Succulent Bonsai—Capturing the Spirit of the Desert
Succulent plants are fascinating in their diversity of form. In the wild, they range from towering trees, such as Moringa ovalifolia, to inch-high "living stones," like Lithops karasmontana. Many succulents, such as aloes, sedums, and kalanchoes, have become staples in the American garden and home.
Now there is growing interest in applying bonsai techniques to succulents. Though it may seem like an odd matchup, bonsai practice can contribute much to our knowledge of succulent species, and succulents make interesting and unusual additions to bonsai collections.
Adult Moringa ovalifolia tree in the wild, Namibia.
Bonsai is an ancient art form that seeks to re-create nature in miniature. It was born out of a deep appreciation for the natural world and a desire to convey the spiritual power and beauty of the larger landscape to more confined domestic spaces. Its practitioners developed proven methods for pruning and shaping plant specimens to exhibit the forms of adult trees molded by their natural environments.
There are many reasons why succulents make ideal subjects for bonsai. Native to tropical and semitropical arid regions around the globe, many species are naturally small or undergo "dwarfing" in the wild due to harsh conditions. Growing slowly from crevices and rocky ground and enduring abrasive winds, erratic water supply, dramatic fluctuations in daily temperature, browsing by animals, bright sunlight, and thin, fast-draining soil, mature succulents can actually end up looking like bonsai.
Succulents also have unique morphological features that make them appealing to bonsai artists, namely their fleshy leaves, swollen trunks, and thickened bases—adaptations that enable the plants to store excess water for use during dry periods. What's more, many have interesting leaves, wonderful bark texture and color, beautiful flower displays, or dramatic shapes when dormant and leafless. Some succulents are pleasantly aromatic.
Creating a Succulent Bonsai
There are roughly 10,000 succulent species altogether, distributed through 60 different plant families. Their diversity of form offers an abundance of interesting bonsai options. In nature, succulents follow such bonsai styles as broom, informal upright, slanted, prostrate, semicascade, windswept, literati, and grotesque. Bonsai artists are also creating new interpretations of these traditional stylistic models based on the growth habits of succulent species.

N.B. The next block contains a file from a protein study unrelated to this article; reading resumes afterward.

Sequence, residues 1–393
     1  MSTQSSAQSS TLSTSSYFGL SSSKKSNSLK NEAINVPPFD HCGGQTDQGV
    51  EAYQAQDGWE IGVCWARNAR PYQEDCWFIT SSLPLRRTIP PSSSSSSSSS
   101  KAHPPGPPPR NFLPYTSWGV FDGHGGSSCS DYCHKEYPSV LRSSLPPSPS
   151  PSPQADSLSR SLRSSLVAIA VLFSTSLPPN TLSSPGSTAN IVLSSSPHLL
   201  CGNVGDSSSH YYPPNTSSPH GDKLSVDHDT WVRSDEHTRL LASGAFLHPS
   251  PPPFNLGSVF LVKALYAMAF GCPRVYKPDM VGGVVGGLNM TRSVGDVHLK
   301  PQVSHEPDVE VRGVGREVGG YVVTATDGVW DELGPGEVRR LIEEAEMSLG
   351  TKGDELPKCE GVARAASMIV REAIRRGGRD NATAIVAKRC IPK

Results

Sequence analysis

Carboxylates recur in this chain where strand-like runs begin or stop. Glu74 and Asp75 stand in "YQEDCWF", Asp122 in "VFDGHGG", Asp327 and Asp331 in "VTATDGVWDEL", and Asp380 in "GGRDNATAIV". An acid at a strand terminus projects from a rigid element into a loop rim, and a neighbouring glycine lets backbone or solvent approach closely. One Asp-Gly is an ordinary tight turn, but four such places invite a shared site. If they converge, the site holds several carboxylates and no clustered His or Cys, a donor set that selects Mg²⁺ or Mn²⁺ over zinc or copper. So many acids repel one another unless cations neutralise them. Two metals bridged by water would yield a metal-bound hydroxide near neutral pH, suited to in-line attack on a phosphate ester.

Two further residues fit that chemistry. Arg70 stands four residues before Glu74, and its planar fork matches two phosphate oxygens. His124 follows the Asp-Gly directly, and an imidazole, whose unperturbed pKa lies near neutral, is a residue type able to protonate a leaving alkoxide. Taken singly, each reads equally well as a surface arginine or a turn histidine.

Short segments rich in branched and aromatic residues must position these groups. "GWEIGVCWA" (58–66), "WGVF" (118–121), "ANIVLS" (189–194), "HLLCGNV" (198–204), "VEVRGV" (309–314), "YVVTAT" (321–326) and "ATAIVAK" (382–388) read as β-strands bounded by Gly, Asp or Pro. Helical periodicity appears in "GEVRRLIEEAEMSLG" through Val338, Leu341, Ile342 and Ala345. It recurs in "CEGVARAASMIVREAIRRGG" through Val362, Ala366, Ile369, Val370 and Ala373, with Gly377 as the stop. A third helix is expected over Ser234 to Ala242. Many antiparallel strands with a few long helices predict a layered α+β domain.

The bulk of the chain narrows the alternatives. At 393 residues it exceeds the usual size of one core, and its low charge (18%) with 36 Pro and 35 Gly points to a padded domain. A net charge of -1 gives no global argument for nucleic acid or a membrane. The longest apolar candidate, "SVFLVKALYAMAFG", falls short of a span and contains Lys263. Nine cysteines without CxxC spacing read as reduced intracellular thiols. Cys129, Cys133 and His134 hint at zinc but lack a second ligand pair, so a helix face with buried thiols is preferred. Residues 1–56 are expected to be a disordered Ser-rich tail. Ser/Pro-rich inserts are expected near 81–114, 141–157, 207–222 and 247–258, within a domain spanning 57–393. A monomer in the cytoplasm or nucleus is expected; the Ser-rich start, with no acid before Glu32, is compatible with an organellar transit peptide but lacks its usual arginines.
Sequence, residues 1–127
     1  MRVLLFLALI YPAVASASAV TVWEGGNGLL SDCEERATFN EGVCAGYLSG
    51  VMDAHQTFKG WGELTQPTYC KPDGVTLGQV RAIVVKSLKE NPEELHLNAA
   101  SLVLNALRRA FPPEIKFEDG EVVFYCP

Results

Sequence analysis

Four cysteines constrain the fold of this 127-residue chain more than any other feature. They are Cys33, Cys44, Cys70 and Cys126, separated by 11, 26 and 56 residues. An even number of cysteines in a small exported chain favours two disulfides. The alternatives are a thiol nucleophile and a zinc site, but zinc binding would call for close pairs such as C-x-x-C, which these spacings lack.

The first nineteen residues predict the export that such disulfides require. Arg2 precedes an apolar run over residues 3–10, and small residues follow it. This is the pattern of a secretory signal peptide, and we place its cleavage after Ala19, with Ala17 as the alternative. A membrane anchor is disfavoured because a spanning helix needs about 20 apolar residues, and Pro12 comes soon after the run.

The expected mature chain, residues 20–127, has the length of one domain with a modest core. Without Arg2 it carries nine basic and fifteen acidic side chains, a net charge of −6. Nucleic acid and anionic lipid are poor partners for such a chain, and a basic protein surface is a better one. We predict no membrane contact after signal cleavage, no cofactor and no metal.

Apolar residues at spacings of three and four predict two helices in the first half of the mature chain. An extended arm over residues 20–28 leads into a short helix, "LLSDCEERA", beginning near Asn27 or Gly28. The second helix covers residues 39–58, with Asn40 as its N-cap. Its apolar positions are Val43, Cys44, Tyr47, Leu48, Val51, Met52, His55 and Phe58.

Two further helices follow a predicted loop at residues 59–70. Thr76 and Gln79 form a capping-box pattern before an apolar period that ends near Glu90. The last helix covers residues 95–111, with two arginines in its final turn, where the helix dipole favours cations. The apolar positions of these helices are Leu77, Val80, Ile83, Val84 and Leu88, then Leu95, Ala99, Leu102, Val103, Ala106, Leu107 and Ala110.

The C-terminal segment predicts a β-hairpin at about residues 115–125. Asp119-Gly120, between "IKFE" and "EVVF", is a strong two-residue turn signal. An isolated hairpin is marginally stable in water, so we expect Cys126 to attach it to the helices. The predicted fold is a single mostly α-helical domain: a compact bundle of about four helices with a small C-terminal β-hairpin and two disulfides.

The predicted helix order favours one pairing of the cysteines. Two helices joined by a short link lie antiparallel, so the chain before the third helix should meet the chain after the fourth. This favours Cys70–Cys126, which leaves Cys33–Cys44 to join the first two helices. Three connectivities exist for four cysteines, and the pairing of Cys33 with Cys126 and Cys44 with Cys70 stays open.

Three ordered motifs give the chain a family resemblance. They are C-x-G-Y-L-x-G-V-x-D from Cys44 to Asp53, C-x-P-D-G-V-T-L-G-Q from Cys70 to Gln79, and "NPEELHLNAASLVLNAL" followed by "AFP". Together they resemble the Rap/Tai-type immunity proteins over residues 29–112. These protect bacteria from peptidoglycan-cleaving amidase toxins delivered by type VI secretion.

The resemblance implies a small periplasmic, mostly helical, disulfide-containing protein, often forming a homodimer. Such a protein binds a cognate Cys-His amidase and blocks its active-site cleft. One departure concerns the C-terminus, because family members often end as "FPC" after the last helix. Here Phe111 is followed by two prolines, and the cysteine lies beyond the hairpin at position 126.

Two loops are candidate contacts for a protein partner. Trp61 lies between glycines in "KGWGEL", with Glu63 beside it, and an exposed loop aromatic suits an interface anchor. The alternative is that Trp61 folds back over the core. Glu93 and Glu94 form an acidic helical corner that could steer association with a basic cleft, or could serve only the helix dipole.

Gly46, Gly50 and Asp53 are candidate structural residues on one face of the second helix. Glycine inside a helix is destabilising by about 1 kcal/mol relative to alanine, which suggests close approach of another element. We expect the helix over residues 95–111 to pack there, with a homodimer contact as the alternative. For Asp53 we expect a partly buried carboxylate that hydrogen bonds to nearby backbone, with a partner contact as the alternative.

When choosing succulent stock for bonsai, look for some of the same characteristics you would when choosing for traditional bonsai. Specimens should be healthy and well established. Desirable features include slow growth, small leaf and stem internodes (spaces between individual leaves or branches), and long life-span potential. Look for interesting habit, foliage texture, branch formation, flowers, fruit, and so on. Ideal candidates will also demonstrate good recovery after transplanting, good response to pruning (sprouting new growth), and an ability to grow in a confined container.
Prune according to established bonsai recommendations to encourage Y-shaped branching and proportionately smaller internodes. (For information on basic pruning techniques, as well as other general information on bonsai growing, consult the publications and web sites listed in "General Bonsai Information.") Pruning may prevent flowering the following season or until new growth has been established.
Root pruning may not be needed and is generally not recommended for succulents. Succulent roots are rarely vigorous when pruned, so the less disruption the better. If roots must be trimmed for aesthetic reasons, remove all soil, keep the wounds dry until they are completely scarred over, and then replant. Moisture on open wounds almost certainly invites rot. Very large cuts may require several weeks to heal.
Succulents can be carefully wired using aluminum wire, which is more pliable than copper. Wire may need to be left on for long periods of time because succulents are generally slow growing.
Follow the same recommendations for selecting containers as with traditional and tropical bonsai. Above all, ensure good drainage. Drill additional holes, if necessary, and cover holes with open, nonclogging screens.
Succulents may be staged as individual bonsai, forests, companion plants, or in landscape trays. Avoid planting species with different growing requirements together in the same container. Use rocks for propping and stabilizing, and use wire ties to secure plants to the container. As a top covering, use crushed rock, haydite (a shale/clay aggregate), or gravel; moss should not be used because it does not typically grow with desert plants and thus presents an unnatural setting.